Roman Catholics: The Radical, Revolutionary Church of The Netherlands

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Birth control, for the Dutch, is another closed question. Surveys indicate that 60% of Catholic women in The Netherlands practice contraception, most of them with the tacit approval of their parish priests. One of them is Mrs. Tine Govaart, a mother of three, and a leading Catholic laywoman who attended the first two sessions of Vatican II as an unofficial observer and journalist. "I started taking the pill when I was attending the council," she says. Mrs. Govaart also challenges church teaching on the sinfulness of premarital sex. "It is ridiculous to assume that intercourse should end in marriage," she says. Despite her startlingly open-minded views, she has suffered no censure from the Dutch hierarchy.

Once as hostile as warring African tribes, the Protestant and Catholic churches of The Netherlands have reached a remarkable degree of accord. Mixed marriages are often celebrated jointly by priests and ministers, and non-Catholics are no longer required to promise that they will raise their children in the church. Interfaith Eucharists, although forbidden by Rome, are common. Many of these have been celebrated by an ecumenical organization called Shalom, which every Friday re-enacts the Last Supper in the guise of a "Eucharistic happening" or a "love meal." Members of the group, which includes Protestants and Catholics, take turns consecrating the elements and distributing Communion.

Behind Closed Doors. Dutch Catholics modestly insist that they have no monopoly on Catholic radical thinking. "What we discuss openly," says Father Schillebeeckx, "is often discussed behind closed doors elsewhere." True or not, there is no doubt that Pope Paul VI and the Roman Curia have been deeply distressed about the extent to which the Dutch have challenged doctrine and tradition. The Pope's 1965 encyclical on the Eucharist was clearly directed against the theories of several Dutch theologians who had proposed to describe Christ's Real Presence in the bread and wine as transignification rather than transubstantiation. Last January, when Rome issued a warning against excesses in liturgical experiment, a Vatican spokesman explained that the directive had been aimed at certain informal Communion services which had taken place in The Netherlands. Currently, officials of the Congregation for Doctrine are studying a new Dutch catechism, approved by the hierarchy, that leaves open to question the literal truth of the Virgin birth, and tacitly approves artificial birth control.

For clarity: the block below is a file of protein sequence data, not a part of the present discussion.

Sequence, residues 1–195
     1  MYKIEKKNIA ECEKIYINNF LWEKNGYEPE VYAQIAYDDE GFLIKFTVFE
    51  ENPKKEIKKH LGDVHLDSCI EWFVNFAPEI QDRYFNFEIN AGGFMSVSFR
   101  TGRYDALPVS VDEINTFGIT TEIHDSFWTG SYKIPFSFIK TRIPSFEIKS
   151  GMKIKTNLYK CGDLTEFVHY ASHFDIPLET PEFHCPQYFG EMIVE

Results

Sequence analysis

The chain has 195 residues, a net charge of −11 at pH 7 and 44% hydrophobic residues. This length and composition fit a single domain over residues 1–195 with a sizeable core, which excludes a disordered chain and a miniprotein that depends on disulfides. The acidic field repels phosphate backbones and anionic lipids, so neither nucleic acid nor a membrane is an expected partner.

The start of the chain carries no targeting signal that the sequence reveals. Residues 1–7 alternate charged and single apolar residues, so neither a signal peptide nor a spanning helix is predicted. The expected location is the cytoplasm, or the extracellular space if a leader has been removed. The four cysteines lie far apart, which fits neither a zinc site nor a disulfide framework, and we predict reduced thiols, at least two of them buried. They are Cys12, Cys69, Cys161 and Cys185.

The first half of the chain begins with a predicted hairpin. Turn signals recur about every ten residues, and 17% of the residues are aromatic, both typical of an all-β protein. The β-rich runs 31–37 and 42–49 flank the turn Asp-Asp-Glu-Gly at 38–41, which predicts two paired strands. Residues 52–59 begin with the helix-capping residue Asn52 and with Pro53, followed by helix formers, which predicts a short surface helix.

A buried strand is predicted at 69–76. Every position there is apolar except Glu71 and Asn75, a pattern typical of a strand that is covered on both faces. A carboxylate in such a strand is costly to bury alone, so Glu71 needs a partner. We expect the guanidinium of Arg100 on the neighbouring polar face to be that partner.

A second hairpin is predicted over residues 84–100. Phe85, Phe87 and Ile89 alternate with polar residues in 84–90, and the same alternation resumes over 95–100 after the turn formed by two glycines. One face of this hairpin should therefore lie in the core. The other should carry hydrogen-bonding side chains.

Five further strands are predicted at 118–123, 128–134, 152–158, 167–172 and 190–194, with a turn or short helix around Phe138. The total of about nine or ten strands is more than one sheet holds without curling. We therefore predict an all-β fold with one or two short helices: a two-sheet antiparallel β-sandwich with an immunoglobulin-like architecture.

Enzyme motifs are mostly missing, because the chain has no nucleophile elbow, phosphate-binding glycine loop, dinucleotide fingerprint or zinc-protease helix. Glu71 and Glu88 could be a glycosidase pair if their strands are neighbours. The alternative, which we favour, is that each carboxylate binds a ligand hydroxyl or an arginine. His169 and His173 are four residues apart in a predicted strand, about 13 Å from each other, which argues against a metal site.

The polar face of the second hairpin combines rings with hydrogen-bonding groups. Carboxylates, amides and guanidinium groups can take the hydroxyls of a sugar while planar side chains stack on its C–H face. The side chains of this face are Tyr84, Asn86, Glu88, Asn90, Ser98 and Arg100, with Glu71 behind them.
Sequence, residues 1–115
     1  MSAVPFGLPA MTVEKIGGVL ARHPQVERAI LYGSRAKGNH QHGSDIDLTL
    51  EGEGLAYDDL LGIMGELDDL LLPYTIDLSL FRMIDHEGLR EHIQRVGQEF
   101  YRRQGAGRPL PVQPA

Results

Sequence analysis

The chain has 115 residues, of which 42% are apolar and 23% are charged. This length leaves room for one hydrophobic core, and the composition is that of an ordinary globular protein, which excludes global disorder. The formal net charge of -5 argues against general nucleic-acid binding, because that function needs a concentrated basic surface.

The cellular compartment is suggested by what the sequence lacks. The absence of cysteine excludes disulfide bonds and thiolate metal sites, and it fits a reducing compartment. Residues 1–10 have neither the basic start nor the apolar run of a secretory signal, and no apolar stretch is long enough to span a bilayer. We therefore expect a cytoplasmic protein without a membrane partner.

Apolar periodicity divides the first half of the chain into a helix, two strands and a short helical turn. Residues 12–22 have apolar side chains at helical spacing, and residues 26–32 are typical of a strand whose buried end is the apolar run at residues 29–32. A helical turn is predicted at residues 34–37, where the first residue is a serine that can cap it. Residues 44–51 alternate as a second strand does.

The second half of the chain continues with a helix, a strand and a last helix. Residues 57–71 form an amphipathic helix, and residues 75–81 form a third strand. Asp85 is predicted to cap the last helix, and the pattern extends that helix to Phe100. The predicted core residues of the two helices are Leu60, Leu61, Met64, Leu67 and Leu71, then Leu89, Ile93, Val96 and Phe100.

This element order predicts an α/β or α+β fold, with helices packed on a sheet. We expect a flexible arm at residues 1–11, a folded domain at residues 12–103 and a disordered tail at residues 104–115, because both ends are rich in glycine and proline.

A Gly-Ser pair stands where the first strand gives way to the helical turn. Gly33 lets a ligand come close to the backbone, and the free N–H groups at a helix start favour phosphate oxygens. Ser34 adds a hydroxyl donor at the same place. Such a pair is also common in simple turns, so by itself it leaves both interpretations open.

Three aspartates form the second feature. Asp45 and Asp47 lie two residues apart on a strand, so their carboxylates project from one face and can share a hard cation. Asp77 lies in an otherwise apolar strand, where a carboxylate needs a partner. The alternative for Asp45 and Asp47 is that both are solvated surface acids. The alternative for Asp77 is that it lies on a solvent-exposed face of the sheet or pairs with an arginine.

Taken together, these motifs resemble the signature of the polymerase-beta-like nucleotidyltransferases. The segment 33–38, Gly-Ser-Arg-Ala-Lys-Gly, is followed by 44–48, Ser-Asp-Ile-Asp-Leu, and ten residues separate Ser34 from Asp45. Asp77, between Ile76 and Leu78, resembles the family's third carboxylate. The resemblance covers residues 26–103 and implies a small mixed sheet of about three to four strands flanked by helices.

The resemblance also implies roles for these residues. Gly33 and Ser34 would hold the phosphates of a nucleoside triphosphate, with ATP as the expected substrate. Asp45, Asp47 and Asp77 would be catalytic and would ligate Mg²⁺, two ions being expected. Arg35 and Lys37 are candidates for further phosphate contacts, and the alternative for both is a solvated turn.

Disdainful of the Vatican's foreboding, Dutch theologians insist that they are not on the verge of creating a schism. "We cannot become isolated from Rome," says Schillebeeckx, "but we can tell Rome what we think." To prevent an open breach, the Dutch church depends strongly on the diplomatic skill of its hierarchy, headed by Bernard Jan Cardinal Alfrink of Utrecht. Although the bishops have publicly warned against excesses of reform, they have, in effect, tolerated the radical questioning of doctrine that is going on in The Netherlands, and have backed many priests whose views have got them in Dutch with Rome. "It is always a good thing for the church to move forward," says Alfrink. "It is not good if the church comes to a standstill."

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